That final note of ambiguity is important. There is no question that the American “empire of rubber” was rapacious and racist. But its history is not simple. The most fascinating chapters of that history, and of Mitman’s book, deal with the maneuvers of figures like President Barclay, who saw US capital ambitions as a vehicle for development and stability—provided he could effectively safeguard the nation’s sovereignty and independence. Barclay’s predecessor cast his lot with Firestone as the alternative that might preserve Liberian independence from both Garveyism and European colonials. When King fell victim to Firestone’s political manipulations, Barclay proved somewhat more adept at parrying efforts to turn Liberia into a banana republic. Mitman’s accounts of how Barclay strategized through and around Firestone, playing European, American, and the League of Nations’ pressures against one another, are as engrossing as following championship chess. The stakes were high, the opponents formidable, and the penalty for error consequential.

Despite Barclay’s successes, the game was rigged. Liberia never became the incubator of African and African American managerial expertise that W.E.B. Du Bois hoped for when he aided Firestone’s ambitions in the West African nation. Du Bois had long since distanced himself from Firestone by 1963, the year of his death; the year of Harvey Firestone, Jr.’s retirement and the year that concludes Mitman’s book. But Empire of Rubber deftly captures the inequities of extractive capital without resorting to caricature or shorthand. It is easy to generate umbrage by focusing on Firestone’s exploitative, long-term lease of much of central Liberia, and to conclude from it that Liberians were hapless victims of American cartoon capitalists. But the subtleties of how politics, race and corporate influence worked in the American sphere of influence is told much more effectively through careful elaboration of historical details.

The Firestone-sponsored Harvard University Department of Tropical Medicine expedition, for example, offers Mitman a rich case study for exploring the potent concoction of scientific inquiry, nationalism, racism, and industrial development that was the true engine of American colonialism-through-private-enterprise. The results are no less outrageous. But they allow more space for considering such complex figures as the Harvard-educated Plenyono Gbe Wolo, son of a Kru Paramount Chief who played an important role advising Firestone and the Harvard expedition, but then largely disappeared from the company’s historical record. Or Lester A. Walton, the long serving African-American US government minister in Liberia and a strong backer of Firestone’s ambitions in the country. Together such figures paint both a more believable, and in many ways more frustrating, account of the wealth of a corporation and the impoverishment of a nation.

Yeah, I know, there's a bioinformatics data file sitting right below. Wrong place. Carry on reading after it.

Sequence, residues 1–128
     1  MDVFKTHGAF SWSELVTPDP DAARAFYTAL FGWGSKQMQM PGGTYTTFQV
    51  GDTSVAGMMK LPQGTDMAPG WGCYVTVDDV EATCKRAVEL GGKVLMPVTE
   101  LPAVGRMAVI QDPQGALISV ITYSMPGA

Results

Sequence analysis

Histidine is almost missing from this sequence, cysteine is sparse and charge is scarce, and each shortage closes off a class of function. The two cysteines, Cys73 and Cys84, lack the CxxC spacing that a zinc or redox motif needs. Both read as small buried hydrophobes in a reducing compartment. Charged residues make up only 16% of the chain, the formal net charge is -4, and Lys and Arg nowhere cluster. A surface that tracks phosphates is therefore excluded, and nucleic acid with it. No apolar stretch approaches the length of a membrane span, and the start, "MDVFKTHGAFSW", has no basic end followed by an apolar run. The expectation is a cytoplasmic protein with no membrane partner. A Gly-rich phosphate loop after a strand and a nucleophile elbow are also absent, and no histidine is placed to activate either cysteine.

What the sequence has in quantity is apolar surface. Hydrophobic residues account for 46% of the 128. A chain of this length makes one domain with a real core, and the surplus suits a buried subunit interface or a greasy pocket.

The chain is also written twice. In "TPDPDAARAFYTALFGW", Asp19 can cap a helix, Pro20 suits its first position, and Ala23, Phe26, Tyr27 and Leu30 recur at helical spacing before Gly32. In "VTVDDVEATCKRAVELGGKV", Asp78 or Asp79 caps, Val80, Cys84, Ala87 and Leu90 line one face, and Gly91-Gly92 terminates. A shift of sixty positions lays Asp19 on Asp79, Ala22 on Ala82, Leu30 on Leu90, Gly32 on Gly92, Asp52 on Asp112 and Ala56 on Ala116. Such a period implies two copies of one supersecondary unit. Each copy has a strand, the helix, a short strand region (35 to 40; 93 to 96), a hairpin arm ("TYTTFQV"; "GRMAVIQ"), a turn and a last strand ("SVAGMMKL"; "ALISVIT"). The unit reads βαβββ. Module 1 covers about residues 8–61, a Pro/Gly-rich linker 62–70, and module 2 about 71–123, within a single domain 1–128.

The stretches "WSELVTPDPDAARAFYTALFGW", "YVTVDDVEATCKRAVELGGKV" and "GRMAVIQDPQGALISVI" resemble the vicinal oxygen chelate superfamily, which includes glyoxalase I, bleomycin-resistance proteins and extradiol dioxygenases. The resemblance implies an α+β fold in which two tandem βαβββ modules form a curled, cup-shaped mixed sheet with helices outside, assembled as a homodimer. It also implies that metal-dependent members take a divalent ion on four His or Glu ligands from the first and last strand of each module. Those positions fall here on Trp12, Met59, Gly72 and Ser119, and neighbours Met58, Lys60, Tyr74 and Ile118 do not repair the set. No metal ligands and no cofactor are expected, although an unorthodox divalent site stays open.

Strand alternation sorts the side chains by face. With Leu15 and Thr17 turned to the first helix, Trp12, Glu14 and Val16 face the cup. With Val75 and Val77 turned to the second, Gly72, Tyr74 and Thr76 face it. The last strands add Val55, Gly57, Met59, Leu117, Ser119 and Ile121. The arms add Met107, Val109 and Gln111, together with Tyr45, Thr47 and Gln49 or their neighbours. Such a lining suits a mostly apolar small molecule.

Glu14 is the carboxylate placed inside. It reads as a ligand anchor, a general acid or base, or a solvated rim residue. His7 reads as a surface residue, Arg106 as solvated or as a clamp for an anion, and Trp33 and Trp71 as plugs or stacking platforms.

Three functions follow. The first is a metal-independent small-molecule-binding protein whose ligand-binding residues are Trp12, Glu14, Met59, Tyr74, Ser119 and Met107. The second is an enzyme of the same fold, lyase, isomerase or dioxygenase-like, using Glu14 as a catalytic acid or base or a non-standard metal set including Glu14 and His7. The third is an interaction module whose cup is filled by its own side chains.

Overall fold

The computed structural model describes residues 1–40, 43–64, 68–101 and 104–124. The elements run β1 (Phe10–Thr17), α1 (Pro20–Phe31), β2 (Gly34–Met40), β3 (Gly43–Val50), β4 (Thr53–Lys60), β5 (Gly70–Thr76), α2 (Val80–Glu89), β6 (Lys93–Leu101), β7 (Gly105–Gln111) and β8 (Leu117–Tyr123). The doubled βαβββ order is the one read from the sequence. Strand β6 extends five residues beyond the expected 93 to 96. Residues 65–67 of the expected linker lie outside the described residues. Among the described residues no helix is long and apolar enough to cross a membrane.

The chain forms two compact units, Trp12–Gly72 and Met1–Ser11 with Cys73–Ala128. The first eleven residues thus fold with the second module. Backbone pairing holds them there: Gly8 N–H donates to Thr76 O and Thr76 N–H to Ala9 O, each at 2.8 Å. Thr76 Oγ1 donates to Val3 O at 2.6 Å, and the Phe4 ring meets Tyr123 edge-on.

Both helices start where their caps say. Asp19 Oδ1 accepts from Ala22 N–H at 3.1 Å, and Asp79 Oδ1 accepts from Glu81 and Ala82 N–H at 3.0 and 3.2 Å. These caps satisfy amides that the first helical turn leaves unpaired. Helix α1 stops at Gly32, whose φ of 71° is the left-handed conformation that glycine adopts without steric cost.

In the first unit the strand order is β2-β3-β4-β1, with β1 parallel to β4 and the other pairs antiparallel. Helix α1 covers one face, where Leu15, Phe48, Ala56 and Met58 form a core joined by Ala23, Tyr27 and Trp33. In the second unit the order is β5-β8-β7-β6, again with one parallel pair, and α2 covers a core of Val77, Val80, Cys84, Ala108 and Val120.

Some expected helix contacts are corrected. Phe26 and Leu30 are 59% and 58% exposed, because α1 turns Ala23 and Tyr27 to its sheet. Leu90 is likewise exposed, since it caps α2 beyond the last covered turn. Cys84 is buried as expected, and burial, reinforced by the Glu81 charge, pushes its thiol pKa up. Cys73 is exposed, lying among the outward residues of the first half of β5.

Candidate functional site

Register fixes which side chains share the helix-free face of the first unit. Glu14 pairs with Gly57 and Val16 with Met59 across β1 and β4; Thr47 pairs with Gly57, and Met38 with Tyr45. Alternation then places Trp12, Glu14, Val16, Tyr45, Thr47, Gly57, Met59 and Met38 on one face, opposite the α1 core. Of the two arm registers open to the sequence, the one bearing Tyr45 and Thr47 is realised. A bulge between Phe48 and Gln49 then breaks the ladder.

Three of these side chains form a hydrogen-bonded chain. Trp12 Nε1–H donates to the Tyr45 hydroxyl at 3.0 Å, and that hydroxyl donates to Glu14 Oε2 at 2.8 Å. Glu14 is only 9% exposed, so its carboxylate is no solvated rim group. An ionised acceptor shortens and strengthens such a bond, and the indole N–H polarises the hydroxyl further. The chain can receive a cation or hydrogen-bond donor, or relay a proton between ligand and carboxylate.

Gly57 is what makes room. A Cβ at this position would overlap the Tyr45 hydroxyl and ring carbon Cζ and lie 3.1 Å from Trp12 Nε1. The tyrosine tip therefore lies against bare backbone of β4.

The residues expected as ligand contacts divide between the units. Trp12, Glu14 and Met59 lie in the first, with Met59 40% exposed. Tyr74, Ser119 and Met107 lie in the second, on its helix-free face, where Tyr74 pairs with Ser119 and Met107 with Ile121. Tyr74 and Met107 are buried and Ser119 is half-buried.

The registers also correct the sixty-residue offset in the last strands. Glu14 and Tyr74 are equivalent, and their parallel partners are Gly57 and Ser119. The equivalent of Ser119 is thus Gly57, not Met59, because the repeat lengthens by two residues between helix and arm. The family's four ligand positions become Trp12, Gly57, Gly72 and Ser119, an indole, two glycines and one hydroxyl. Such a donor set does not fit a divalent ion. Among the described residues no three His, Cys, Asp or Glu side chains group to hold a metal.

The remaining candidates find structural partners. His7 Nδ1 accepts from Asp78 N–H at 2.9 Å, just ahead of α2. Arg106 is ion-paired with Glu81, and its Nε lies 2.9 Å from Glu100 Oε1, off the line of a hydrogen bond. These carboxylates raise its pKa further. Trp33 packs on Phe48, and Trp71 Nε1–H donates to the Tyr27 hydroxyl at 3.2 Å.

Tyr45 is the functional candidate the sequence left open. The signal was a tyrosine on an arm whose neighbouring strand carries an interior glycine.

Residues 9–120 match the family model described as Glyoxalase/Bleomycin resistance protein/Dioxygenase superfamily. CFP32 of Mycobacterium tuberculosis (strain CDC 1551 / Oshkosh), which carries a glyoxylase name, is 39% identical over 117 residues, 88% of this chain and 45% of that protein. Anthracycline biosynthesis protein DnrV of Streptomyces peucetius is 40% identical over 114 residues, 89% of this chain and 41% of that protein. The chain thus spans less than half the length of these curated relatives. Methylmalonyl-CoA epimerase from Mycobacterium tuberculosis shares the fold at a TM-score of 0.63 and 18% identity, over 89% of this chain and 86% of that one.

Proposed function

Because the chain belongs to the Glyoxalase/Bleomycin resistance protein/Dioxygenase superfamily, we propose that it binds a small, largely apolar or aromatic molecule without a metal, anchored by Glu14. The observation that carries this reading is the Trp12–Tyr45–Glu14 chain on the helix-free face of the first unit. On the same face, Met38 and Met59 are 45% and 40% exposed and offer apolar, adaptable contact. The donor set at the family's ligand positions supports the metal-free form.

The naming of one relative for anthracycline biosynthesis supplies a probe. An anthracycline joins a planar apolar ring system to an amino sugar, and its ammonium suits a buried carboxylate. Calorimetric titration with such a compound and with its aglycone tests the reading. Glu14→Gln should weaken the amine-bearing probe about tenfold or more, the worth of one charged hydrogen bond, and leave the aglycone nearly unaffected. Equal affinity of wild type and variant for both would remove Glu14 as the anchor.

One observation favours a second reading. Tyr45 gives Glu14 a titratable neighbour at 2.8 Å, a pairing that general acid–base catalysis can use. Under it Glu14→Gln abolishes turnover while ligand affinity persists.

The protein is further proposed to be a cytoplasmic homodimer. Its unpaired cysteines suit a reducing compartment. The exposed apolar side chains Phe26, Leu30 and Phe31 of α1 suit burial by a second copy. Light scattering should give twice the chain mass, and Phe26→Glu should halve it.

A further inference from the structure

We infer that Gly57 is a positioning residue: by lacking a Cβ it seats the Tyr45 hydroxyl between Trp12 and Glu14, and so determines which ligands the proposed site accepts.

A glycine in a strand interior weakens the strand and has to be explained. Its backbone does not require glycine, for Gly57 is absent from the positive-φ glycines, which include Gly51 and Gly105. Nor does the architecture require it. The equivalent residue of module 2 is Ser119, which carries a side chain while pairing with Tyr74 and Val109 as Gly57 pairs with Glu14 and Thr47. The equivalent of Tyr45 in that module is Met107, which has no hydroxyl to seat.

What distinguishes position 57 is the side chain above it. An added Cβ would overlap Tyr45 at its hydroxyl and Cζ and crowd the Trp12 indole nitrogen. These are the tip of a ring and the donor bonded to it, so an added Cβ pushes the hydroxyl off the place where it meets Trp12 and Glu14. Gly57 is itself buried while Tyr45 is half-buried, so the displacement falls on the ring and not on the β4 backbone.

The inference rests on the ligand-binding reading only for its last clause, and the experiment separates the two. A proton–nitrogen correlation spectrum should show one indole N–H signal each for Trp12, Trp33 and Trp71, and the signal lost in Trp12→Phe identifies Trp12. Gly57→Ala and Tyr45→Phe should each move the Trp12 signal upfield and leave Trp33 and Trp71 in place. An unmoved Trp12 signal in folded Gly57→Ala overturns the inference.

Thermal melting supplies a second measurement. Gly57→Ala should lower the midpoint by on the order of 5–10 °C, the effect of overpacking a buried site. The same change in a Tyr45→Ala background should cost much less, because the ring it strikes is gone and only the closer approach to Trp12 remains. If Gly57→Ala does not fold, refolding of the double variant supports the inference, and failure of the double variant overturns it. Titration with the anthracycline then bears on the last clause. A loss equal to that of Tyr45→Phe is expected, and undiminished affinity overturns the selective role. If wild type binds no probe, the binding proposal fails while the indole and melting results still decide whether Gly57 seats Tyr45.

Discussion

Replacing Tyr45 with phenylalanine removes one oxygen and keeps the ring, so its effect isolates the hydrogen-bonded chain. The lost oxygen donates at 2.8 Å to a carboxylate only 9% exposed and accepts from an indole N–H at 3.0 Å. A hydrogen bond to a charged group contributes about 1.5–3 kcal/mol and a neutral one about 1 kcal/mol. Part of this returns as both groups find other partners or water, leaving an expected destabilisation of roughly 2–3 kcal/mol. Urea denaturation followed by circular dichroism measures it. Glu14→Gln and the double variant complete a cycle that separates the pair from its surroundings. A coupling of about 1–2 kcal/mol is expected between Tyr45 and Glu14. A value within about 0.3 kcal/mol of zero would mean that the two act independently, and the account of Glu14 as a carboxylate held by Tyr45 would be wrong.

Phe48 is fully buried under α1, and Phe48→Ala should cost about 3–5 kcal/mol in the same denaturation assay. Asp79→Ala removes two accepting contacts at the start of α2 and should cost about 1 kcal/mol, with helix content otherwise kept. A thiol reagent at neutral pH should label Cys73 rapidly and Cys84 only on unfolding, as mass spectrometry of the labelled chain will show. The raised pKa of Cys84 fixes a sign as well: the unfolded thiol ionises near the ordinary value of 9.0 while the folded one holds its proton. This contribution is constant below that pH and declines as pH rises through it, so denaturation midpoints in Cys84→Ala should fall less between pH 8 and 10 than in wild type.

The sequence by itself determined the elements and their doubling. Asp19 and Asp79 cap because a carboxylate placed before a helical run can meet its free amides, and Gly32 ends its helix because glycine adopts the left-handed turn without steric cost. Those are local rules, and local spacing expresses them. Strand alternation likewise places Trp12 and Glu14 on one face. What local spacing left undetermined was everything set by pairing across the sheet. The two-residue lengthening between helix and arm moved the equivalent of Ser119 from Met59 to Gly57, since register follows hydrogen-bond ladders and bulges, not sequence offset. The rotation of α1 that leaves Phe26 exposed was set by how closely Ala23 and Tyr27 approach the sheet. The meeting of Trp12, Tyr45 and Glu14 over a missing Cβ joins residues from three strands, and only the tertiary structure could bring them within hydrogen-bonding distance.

Mitman, a medical historian, does an admirable job of making Hevea brasiliensis a character in this story without overplaying the “agency” of latex or rubber trees. Industrial rubber production, for example, allowed pathogens such as smallpox to flourish, which required more research and more severe corporate interventions into the lives of its labor force. A rubber plantation is a peculiar form of forest, one that does ecological violence and catalyzes real human violence. But it is ultimately human choices and their consequences that drive Mitman’s story.

Among the most poignant of those consequences is the violence of land dispossession, a leitmotif throughout Mitman’s Liberia work. His 2016 film, The Land Beneath Our Feet, posits large scale land grabs and alienation from the land as key to understanding the precarious lives of many Liberians today. Empire of Rubber makes an arguably bolder and more sweeping point.  Calling Firestone’s corporate holding in Liberia a “plantation” is not simply a technical term. One cannot truly understand Liberia’s history writ large—or American capitalism—without a deep reckoning with that term and all its sociological and political, as well as economic, meaning.

Reading Mitman’s book, I was reminded of a critique heard repeatedly in the run-up to Liberia’s 2005 elections, and repeated again in the 2011 run. President Ellen Johnson Sirleaf faced George Weah, whose campaign was predicated in part on his ability to mobilize disenfranchised youth. Weah supporters frequently referred to Johnson Sirleaf as a typical member of the Liberian elite, someone who felt more at home in America and who regarded Liberia as “a farm”—a place from which to extract profits from the land, profits that would have little benefit for the country as a whole. Like the NPR story’s casual invocation of Firestone’s mighty corporate backing in its fight against Ebola, it was an easily overlooked comment that nevertheless spoke volumes about Liberian history, but only to those who recognized it as a recurrent pattern and a peculiar form of corporate colonization.

Fortunately, in Empire of Rubber Gregg Mitman supplies his readers with ample tools for recognizing the imperial forest in those peculiar trees.

Further Reading

Mining the Body

What can the photographs of American anthropologist Danny Hoffman tell us about Sierra Leone and Liberian mineworkers or about mining in West Africa?